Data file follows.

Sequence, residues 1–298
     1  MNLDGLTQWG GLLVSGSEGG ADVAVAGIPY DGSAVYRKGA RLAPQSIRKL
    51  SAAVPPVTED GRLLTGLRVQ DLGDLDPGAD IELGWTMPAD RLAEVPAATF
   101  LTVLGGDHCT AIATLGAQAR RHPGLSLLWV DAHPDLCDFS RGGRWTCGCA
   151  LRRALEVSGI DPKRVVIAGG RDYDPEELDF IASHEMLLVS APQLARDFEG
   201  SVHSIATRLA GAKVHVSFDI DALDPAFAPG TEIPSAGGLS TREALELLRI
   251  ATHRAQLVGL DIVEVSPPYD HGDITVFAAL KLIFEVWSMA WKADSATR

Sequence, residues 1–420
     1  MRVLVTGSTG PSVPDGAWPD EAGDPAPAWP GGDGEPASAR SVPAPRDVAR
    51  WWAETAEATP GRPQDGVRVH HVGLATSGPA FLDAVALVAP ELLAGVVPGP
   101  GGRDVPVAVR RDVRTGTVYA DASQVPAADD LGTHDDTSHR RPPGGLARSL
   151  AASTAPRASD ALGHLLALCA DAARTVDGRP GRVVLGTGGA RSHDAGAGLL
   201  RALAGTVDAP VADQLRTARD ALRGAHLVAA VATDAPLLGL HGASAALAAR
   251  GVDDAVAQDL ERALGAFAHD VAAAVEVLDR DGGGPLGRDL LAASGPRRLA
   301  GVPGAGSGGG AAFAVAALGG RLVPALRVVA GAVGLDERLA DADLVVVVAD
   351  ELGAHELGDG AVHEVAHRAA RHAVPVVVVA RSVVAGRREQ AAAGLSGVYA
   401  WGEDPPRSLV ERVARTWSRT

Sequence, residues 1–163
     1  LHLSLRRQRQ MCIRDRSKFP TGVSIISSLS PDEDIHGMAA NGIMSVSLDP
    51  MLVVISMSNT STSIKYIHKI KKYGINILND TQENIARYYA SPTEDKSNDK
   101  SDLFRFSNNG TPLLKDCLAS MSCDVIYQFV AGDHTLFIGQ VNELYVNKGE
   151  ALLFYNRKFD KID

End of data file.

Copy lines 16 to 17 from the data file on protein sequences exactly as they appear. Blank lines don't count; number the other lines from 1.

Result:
   351  ELGAHELGDG AVHEVAHRAA RHAVPVVVVA RSVVAGRREQ AAAGLSGVYA
   401  WGEDPPRSLV ERVARTWSRT